Dr Amir Farooq Khan, Dr Fiza Batool Kazmi, Dr Rida Maria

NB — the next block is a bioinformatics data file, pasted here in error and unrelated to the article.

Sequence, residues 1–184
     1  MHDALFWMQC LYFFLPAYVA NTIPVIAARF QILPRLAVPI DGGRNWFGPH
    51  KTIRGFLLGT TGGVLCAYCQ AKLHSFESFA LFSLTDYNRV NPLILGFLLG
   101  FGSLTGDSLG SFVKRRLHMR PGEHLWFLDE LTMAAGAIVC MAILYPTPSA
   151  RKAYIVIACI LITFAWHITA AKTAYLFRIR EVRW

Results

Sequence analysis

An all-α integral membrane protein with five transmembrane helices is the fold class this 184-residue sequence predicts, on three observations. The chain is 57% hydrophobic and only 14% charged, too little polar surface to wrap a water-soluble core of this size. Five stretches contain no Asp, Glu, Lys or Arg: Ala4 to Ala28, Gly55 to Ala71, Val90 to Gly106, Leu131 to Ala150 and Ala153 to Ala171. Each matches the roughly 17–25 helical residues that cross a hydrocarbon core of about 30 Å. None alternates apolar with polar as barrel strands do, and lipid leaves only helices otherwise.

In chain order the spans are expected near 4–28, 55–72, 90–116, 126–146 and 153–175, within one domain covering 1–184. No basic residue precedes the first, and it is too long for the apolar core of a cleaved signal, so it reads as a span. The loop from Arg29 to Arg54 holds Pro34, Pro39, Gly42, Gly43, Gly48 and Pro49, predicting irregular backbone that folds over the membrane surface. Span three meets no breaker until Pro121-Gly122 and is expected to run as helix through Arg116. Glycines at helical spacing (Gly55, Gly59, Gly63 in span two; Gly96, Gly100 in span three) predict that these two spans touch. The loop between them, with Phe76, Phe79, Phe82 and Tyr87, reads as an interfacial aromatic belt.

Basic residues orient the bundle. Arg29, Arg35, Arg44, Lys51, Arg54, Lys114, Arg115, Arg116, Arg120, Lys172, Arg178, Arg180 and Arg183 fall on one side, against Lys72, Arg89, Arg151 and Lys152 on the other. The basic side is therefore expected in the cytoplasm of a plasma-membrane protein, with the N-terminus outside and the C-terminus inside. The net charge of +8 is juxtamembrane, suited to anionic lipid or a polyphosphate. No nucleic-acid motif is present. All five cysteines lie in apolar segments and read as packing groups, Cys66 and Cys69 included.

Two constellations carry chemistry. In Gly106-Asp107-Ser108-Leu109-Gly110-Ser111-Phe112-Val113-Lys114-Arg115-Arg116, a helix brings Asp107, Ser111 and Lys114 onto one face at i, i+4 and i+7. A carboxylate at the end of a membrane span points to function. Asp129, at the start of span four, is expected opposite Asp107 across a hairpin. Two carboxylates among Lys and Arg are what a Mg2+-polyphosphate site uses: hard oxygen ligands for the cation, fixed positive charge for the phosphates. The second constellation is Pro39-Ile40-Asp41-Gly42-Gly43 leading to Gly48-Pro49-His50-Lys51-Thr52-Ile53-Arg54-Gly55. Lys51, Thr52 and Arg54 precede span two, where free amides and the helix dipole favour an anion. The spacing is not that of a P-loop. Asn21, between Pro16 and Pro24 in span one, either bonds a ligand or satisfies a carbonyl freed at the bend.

Electrocardiography transmits information about the electrical function of the heart by changing the state of its component waves, namely the P, QRS and T waves, which represent one cycle of the heart. The amplitude and interval of the P-QRS-T segment determine the function of the heart. Cardiac arrhythmia manifests itself as a state of abnormal electrical activity in the heart, which is a hazard to humans. Currently, the onset of ischemic cerebrovascular disease is associated with electrocardiographic changes in patients who did not have primary heart disease. Aim: We estimated the frequency of electrocardiographic changes to be remarkable. The aim of the study is to analyze heart disease in electrocardiogram (ECG) signals for cardiac arrhythmias that lead to ischemic stroke, using the result of normal and abnormal ECG waves. Methods: Study sample of 75 patients which had been admitted to the Cardiology department of PIMS Hospital Islamabad for one-year duration from March 2019 to March 2020. A 12-lead resting ECG was performed on all patients, using Cardiofax S ECG-1250K for high-level 12-lead analysis. All records were translated by a similar person who is a cardiologist who did not know the medical history of the subject. In particular, the following ECG abnormalities were looked for: ST segment elevation or depression, T wave aberration (inversion or high T wave), bundle branch block, left ventricular hypertrophy (LVH), arrhythmia, QT wave lengthening, and other changes. In the results of 75 patients, approximately (58.67%) were men, and (41.33%) women, their mean age (62 years). The control group consisted of (52%) men and (48%) women, mean age (61.5 years). The frequency of electrocardiographic changes in the study group was (58.67%), while in the control group - the patient (25.33%). Key words: Arrhythmia, Cardiac ischemia, Resting ECG, Ischemic Stroke, ST Segment depression.